Next up is how to create Grady INTs window menu. Call up the radiant panel. Ingredients also exist in your swatches panel here. There's a few preset Grady INTs created here in order to make your own greedy int. There is no make Grady int feature. You can't go into your swatches panel and say, Let's create a new ingredient or go under your radiant panel and make a new Grady Int. How this works is you select your object. You go into your Grady INT panel and you click next to the great Aunt Icon, and you can apply some of the very basic Grady INTs that air here in illustrator, making sure that you have your fill or your stroke active so that you apply it to your correct portion of your object. Once you've applied this to your object here, we can edit this Grady int very easily by working with ingredients Slider. At the bottom of the Grady Int slider are these circles, which is your color stops to edit. The color stops double click on the color stop, and this is going to call up your color...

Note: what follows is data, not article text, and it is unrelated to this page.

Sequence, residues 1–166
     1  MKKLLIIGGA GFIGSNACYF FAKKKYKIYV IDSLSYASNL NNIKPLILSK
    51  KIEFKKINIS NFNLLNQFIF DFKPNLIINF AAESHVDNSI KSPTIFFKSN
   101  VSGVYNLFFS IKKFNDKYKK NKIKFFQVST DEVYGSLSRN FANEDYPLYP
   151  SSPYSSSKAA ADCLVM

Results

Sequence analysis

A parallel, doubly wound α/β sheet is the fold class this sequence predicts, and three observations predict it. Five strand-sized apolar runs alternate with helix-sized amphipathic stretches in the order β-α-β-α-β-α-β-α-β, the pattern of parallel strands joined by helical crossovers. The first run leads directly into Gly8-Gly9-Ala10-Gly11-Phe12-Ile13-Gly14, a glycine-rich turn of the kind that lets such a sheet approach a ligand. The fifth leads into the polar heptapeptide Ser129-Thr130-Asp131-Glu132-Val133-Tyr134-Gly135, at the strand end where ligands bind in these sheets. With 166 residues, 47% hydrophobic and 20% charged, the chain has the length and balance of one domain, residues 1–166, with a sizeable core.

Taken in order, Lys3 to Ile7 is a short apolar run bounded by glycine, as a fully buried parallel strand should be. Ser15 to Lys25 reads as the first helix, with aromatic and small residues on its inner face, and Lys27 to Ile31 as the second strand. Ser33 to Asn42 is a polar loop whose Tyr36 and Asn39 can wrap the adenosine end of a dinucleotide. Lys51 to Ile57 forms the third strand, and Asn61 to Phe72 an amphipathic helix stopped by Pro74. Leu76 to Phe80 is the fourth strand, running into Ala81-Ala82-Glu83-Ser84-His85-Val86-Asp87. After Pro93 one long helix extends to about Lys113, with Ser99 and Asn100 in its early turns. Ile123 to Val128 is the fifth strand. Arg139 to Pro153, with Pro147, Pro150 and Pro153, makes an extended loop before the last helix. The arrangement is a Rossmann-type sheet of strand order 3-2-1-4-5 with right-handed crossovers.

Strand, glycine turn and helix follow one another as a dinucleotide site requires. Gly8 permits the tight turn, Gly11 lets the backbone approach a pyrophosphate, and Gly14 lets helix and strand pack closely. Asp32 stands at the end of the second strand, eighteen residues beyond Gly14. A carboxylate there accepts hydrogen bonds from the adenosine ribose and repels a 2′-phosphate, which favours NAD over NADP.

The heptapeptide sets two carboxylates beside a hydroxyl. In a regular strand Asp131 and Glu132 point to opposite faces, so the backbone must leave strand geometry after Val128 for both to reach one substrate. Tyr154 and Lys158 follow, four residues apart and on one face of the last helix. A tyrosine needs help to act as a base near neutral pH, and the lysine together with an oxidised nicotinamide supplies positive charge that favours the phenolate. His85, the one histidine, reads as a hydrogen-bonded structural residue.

panel, your existing swatches or your eyedropper tool that allows you to sample a color from an existing object in your illustrator file. Double click and the other ingredients slider to change that color as well. Again, you can choose any type of colors that you'd like to blend to and from, and create a nice Grady Int. Now, if you'd like to ADM or colors to your Grady int stop here, just simply click underneath your Grady in stop. Your cursor will show up as a little plus. You add color to your Grady in stop double click on that and then go in and apply that color in order to get that color on your color stop. You can switch colors very easily by dragging one color stop over the other. It doesn't impede the movement. You could just drag it one over the other. If you'd like to have nice balanced color stops, you can set your first color stop of the location of zero. Because that's the start. You can set your last one at 100 which is going to be at the very end, and you can also set your center at 50% so that make sure that your color is right there in the middle of your ingredients. Slider. These diamonds are basically our blend, and this is going to be right in the center of these two color stops to create a nice, consistent blend. So if this is at 50% that means that the color will blend in and right at the midpoint, it will begin to blend to the other color. You can control this location here to control how fast or how slow the colors blend together by sliding it one way or another. You then allow a color to go ahead and blend more or less into the other color. If you do not want to add any more colors or you want to take a color away, simply grab the color. Stop, pull it down and snap it off the ramp and it returns back to your existing colors. Add just double click on that. When you add a new color, stop apply the color to it and there you go. How do you put this into your color swatches? It's a simple is going to your great aunt icon and dragging that into your color, your swatch panel and it adds it right there for future use. Now we can control how this greedy int works by selecting our object and we can use a little reverse Grady int which just allows us to flop this back and forth left to right We can also control the angle of our Grady int using our angle drop down menu. Now, one thing that we can dio is weaken Turn on our Grady in animal. So the way we can go in and edit directly on our shape is we can go under and we can show our Grady int annotate er yours may be active when you first work with these greedy INTs and the greedy int annotate er is this It's basically our color ramp with our color stops here, which we can double click on. And we also have our little blend diamonds right here. Now, if we don't want to see our Grady int annotate er, we could go into the view menu and we can hide it or we can show that Grady int meditator. Once we do that, we're going to go over to our Grady int tool, which is the letter G. So if you'd like to edit your Grady int directly on your image or your shape. Not a problem, because this is a mirror of my Grady int ramp. Here we have the ability of editing directly on here so we can see the results. If I go to the circle end here. This allows me to move my Grady int along my shape. I can also extend or shorten by grabbing on the square. If I hover just over the end, I get my rotate, which allows me to rotate this around. It's a little clunky the way it rotates. So what I like to do is I like to forego having the Grady in annotate er here, which I'm going to turn off. I usually turn it off in smaller Grady INTs only because it gets a little clunky to be able to go in there and work with it, but it can still do a lot of my edits here by using just ingredient tool without the Grady int annotate. Er, the Grady int tool simply shows up his cross hairs, and then I can click and pull across my Grady int to control how long or how short my Grady int starts and stops and what direction I'd like it to go. I can start way outside my shape and pull an end way outside my shape. Thinking of this as a window in which I'm applying my Grady int, I can have a very short radiant. I could have a very long radiant and pull whatever direction that you'd like any distance that you'd like and get your Grady int moved around here so nice and simple you can use the Grady and annotate er takes a little bit more fussing. But without the Grady int annotate er I can't edit directly on my ramp. I'd have to go over here to my grade. Ian Pannell So things that I can dio Now what's interesting about this is that I can also go in and use a radial radiant Well, this is a linear Grady int that just basically creates lines of color. If I do my radio ingredient, this is going to form a circle and there is no really changing the angle of a circle. But I can change the aspect ratio, which I call the squishiness so I can flatten this down So I get more of a pancake aware of nebula. Look, you know, kind of like a black hole going off into the distance. I can still use my greedy int tool. And I can control where this starts and stops and the size of this by landing my origination point and pulling in and out from that shape. So kind of a nice way to be able to go through and use my radial radiant. I could also apply ingredient to the stroke. If I go to my stroke panel or bring my stroke forward on I apply this Grady int. I can apply it to my stroke. Let's beef up the stroke here and you can see that I can apply this as a linear or a radio ingredient to my stroke. Okay? Yeah. Just because you can doesn't mean you should. You'll notice that when I have my stroke active, my Grady int tool comes up with the no symbol. I can't use the Grady int tool on my stroke. If I want to change the angle of this, I have to go in. And I have to physically change the angle using my angle drop down menu. So the greedy int tool will only work when I'm working with the fill. So something to think about Now I want to show you some cool effects that we can dio with a stroke ingredient. I have a shape with a stroke around it. So I'm going to go in to my stroke. Make that active here, and I'm going to go back to my drop down menu of my presets and click on the black and white preset. Right now, I have a linear ingredient, and I have three different types of strokes. Ingredient within the stroke ingredient along the stroke and ingredient across the stroke. So what do these look like? So ingredient within the stroke just simply covers it as if it's like a sticker going across the front of it. If I do along the stroke, it kind of treats it like a road or a racetrack. You know, it goes around. If I then select this and I do it across this, it's going to start from the inside or from the outside to create kind of this halo effect. So this could be very interesting. I'm going to zoom in and let me show you just how much fun you can have with this type of effect. I'm going to start off with the basic stroke and I'm going to apply a few more color stops along my Grady int. And what I'm gonna do is I'm gonna do black and white, black and white, black and white. But instead of clicking on my Grady int stop double clicking on that color going in and choosing the color and then double clicking again to get another Grady int stop and apply that color to it, I'm gonna use this quick little method of duplicating my color stops. If you'd like to duplicate one of your color stops, select the color stop. Hold down your option or all turkey an option or all to click and drag to the location that you'd like that color stop on your color ramp like so. And I'm gonna put those colors in and move those colors along. Do one last color stop, which is going to end in black. The reason why I do this, you'll see very shortly. So I have the ending in the beginning color being the same. Now you can space thes out perfectly here by going in and putting the location here. So if we went in, you could go in and divide the number of stops that you have here and to 100% and then figure out OK 2040 60 80 100%. You can put those locations in there if you'd like these all perfectly divided. So this is what a stroke looks like when we're doing a stroke within ingredient within the stroke, just like this kind of looks like corrugated metal. But now what I'm gonna do is I'm going to use the ingredient long the stroke, and it makes it kind of look like a circle or 100 or a record. Here. What's interesting with this is if we go in and we make this stroke much larger, you can see that we can actually make it look like it's a solid disk and you have to increase the stroke. Wait until that basically fills in in the circle right there. But you get the effect kind of this cool, shiny metal effect. The third one is going to be across the stroke, and this kind of gives you this convoluted little kind of like a pillow effect. This is pretty cool. So you get the corrugated metal effect, you get the kind of the disc or the metal effect kind of shiny knob or the shiny disk or record. And then you get this cool, convoluted, textural quality here, which is pretty amazing in terms of going in and using ingredient on a stroke. Okay, now, this is all the exact same Grady int were just applying it differently. I'm gonna drag this Grady int into my swatches panel because this one is definitely gonna be a keeper right there. Nice. I want to show you one more thing about creating circles and buttons. I'm gonna take a basic shape here. I'm going to duplicate this by using my option, her all to click and drag. And I'm gonna turn the stroke off this because I'm not going to use a stroke on this right now, So I'm gonna set that down to zero and I'm going to click on my shape, bring my filled the front, go back to my presets. Here, I'm gonna go back to you. Just the basic black and white. I get this black and white. It's just a linear, Grady. int Phil, not along the stroke. I'm going to copy this shape, and then I'm going to paste it in front of itself. So I'm gonna choose Paste in place. So now I have a direct copy of it right there. Okay, I'm going to use my option or all turkey and my shift key to click and reduce the size of this so that it stays right in the same location. I'm gonna use my shift key, hover outside the edge and rotate 180 degrees. And what this does is it gives me this kind of reverse ingredient blend effect to create this cool looking button to take it one step further and I'm gonna select my inner shape. I am going to apply a stroke to it, maybe three or four points here just to get a little bit of edge to it right here. And I'm going to go into my grainy in panel, bring the stroke forward and go into my stroke or ingredient list. And I'm going to apply this really cool Grady into it. Now, this doesn't look very good, because this is going to you. Go ahead and have this be within the stroke, and this is going to be along the stroke. But if I do something like this across the stroke to see how it gives me that cool texture of that button, so many things to do, folks to get this really cool, interesting look and feel OK, all done with Grady INTs. Now that's pretty awesome. Now, one more Grady int in the last one that we're talking about here is going to be my freeform Grady int. My free for ingredient is going to be the last ingredient here. Freeform Grady INTs do not work on the stroke, so make sure that you have your fill active and forward in order for your free for ingredient to show up, you're free for ingredient will not use any of the Grady int presets that we have here in the Grady Int preset window. When you click on the freeform Grady Int, it's going to go and take your shape, and it's going to apply. Color stops to it now. I don't know how it picks the colors. It just simply puts the colors on the shape these circles appear and these circles will come up. Make sure I click on the points here, we're going to show you what lines actually do, but we're gonna add these points and points are basically our color stops. If you click on a point or color, stop double click. You can change those colors, and when you click on those as well, go to any one of these and change the size, the location of these and the change, the size or the blend. You pull on that little black circle that goes around that dotted ring. You can move these very close to each other and think of this is using kind of light bulbs where you're going in and you're kind of shining the light bulbs you can control how they look and how the colors kind of blend together very quickly to get rid of any color. Stop that you put in here that you don't want, simply click on it and then pull it off your shape and it will disappear. Click to add another one that these dots are going to create more of a contoured shape on your object. If you want smoother blending of color, we're gonna jump over to our lines. We click on the radio button for lines. This will allow us to connect these shapes together using lines which provide a smoother blend of these colors. Now, once we connect these via these lines, we can't undo the lines without undoing the color stops and starting all over. But now, when I move these color stops around, you can see that the lines are gonna provide me nice flowing curves, which produce nicer flowing colors. And you can add stops along the way, and you can also pull these off to get rid of these Now, once I create this cool kind of free for ingredient, I can't capture this as a swatch. I can't drag it over here and capture this because it's going to be unique to each and every shape. So this is going to be completely edible directly on your shape, and it's going to be a standalone radiant specifically for that can only be done in a fill. Can't be done on a stroke. So interesting ways to go ahead and create greedy INTs. You can have fills. You can have strokes, you can have ones along the stroke, and you can have free form Grady INTs. So this opens up a whole new world of how you can use on apply color here in Illustrator.